Background: Access to health care services is a critical component of health care reform and may differ among patients with different types of insurance. Hypothesis/Purpose: The purpose was to compare adolescents with private and public insurance undergoing surgery for anterior cruciate ligament (ACL) and/or meniscal tears. We hypothesized that patients with public insurance would have a delayed presentation from the time of injury and therefore would have a higher incidence of chondral injuries and irreparable meniscal tears and lower preoperative International Knee Documentation Committee (IKDC) scores than patients with private insurance.
Study design: Cross-sectional study; Level of evidence, 3.
Methods: This was a retrospective study of patients under 21 years of age undergoing ACL reconstruction and/or meniscal repair or debridement from January 2013 to March 2016 at a single pediatric sports medicine center. Patients were identified by a search of Current Procedural Terminology (CPT) codes. A chart review was performed for insurance type; preoperative diagnosis; date of injury, initial office visit, and surgery; preoperative IKDC score; intraoperative findings; and procedures.
Results: The study group consisted of 119 patients (mean age, 15.0 ± 1.7 years). Forty-one percent of patients had private insurance, while 59% had public insurance. There were 27 patients with isolated meniscal tears, 59 with combined meniscal and ACL tears, and 33 with isolated ACL tears. The mean time from injury to presentation was 56 days (range, 0-457 days) in patients with private insurance and 136 days (range, 0-1120 days) in patients with public insurance ( P = .02). Surgery occurred, on average, 35 days after the initial office visit in both groups. The mean preoperative IKDC score was 53 in both groups. Patients with meniscal tears with public insurance were more likely to require meniscal debridement than patients with private insurance (risk ratio [RR], 2.3; 95% CI, 1.7-3.1; P = .02). Patients with public insurance were more likely to have chondral injuries of grade 2 or higher (RR, 4.4; 95% CI, 3.9-5.0; P = .02).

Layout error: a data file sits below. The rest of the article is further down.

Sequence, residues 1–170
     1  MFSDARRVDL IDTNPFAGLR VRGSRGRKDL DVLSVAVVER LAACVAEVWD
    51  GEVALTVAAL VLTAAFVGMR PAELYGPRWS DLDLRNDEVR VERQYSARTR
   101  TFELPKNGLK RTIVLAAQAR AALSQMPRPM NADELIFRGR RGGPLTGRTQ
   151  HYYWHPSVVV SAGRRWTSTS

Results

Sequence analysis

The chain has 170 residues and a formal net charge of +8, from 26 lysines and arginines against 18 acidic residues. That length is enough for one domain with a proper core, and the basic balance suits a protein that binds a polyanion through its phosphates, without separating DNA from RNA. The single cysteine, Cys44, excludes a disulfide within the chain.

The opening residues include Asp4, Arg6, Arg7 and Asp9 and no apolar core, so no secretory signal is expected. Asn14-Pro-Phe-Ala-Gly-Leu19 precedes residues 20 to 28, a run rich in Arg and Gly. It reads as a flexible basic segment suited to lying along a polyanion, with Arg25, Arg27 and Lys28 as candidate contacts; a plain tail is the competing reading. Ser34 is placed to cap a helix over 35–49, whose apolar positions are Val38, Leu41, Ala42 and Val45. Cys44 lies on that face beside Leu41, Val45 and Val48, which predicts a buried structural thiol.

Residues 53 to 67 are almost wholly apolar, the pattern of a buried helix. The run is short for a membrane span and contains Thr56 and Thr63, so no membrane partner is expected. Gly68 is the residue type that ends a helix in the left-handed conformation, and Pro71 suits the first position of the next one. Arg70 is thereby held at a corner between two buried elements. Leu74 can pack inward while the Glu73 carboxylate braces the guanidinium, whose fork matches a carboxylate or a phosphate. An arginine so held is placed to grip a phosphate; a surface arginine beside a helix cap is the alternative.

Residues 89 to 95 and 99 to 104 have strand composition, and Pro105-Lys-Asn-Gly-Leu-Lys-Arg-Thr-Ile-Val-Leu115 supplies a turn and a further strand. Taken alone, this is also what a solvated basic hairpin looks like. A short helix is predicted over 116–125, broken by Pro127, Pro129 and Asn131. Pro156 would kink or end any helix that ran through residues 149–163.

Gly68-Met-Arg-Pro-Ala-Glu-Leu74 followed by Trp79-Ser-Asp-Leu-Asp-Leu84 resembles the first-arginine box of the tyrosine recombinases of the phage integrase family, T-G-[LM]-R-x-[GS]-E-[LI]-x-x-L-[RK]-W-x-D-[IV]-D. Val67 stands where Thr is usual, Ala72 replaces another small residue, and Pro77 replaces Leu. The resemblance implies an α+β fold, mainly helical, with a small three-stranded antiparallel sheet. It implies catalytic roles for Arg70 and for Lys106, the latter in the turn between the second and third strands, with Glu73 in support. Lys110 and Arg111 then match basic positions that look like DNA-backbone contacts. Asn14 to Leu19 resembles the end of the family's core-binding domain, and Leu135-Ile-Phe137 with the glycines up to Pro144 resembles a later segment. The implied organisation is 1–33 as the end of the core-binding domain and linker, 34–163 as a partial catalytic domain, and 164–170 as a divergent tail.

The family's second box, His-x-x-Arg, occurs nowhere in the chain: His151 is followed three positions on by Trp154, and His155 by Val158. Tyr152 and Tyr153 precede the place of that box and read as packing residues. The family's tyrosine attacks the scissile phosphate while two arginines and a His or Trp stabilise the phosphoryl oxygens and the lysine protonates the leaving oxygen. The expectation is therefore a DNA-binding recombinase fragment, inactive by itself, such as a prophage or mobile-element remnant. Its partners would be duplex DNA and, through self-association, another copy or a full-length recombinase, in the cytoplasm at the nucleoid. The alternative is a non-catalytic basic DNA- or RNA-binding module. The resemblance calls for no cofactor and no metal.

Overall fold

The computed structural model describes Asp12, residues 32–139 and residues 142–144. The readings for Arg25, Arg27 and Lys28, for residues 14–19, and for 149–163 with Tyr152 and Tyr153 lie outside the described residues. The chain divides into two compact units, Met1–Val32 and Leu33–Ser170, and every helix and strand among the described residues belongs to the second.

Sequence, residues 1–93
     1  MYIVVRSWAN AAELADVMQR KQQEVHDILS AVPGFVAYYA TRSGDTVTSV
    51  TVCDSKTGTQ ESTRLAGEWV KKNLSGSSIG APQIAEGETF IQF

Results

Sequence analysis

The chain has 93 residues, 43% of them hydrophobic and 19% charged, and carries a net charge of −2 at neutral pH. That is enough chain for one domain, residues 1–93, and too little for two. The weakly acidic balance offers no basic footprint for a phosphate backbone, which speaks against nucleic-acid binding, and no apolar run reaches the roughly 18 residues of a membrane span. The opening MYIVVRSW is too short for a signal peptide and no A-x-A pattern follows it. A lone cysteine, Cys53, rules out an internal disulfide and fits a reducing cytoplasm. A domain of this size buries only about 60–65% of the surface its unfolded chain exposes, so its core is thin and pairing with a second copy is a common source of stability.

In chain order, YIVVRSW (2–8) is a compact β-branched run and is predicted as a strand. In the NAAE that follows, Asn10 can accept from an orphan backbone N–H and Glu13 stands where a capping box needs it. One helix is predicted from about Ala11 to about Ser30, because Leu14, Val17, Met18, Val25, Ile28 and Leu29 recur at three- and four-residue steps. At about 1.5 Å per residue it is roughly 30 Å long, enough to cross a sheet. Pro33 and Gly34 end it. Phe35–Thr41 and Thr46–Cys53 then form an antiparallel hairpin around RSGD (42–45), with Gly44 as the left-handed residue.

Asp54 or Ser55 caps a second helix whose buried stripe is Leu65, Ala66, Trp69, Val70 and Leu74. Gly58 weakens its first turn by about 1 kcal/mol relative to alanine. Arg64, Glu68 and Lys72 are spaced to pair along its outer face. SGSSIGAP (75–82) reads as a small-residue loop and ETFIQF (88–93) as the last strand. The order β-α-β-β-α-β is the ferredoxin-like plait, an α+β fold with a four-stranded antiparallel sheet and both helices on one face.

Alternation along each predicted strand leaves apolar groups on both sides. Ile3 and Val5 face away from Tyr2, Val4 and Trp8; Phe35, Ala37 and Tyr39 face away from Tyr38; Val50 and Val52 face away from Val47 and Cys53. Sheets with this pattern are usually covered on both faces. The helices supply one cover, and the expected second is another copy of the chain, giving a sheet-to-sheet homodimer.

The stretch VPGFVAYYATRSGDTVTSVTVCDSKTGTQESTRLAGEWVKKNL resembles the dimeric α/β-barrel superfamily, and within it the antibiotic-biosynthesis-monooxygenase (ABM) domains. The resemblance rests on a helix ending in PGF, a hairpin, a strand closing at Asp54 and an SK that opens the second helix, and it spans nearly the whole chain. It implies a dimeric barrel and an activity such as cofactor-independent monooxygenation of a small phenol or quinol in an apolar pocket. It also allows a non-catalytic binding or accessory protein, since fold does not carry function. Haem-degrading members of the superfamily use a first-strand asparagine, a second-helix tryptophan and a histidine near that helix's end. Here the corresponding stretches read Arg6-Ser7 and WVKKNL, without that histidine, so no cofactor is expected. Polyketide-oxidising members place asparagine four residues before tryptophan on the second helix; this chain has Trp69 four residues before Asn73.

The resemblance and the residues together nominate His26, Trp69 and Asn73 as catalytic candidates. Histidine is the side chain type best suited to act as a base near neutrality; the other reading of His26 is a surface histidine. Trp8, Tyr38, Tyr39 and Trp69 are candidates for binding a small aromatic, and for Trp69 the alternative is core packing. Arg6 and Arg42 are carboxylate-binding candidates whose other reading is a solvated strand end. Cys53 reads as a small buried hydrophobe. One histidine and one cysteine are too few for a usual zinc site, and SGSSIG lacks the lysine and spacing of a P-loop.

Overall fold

Conclusion: In adolescent patients with ACL or meniscal tears, patients with public insurance had a more delayed presentation than those with private insurance. They also tended to have more moderate-to-severe chondral injuries and meniscal tears, if present, that required debridement rather than repair. More rapid access to care might improve the prognosis of young patients with ACL and meniscal injuries with public insurance.
Keywords: ACL; access to care; economics; epidemiology; insurance; knee; meniscus; pediatric sports medicine.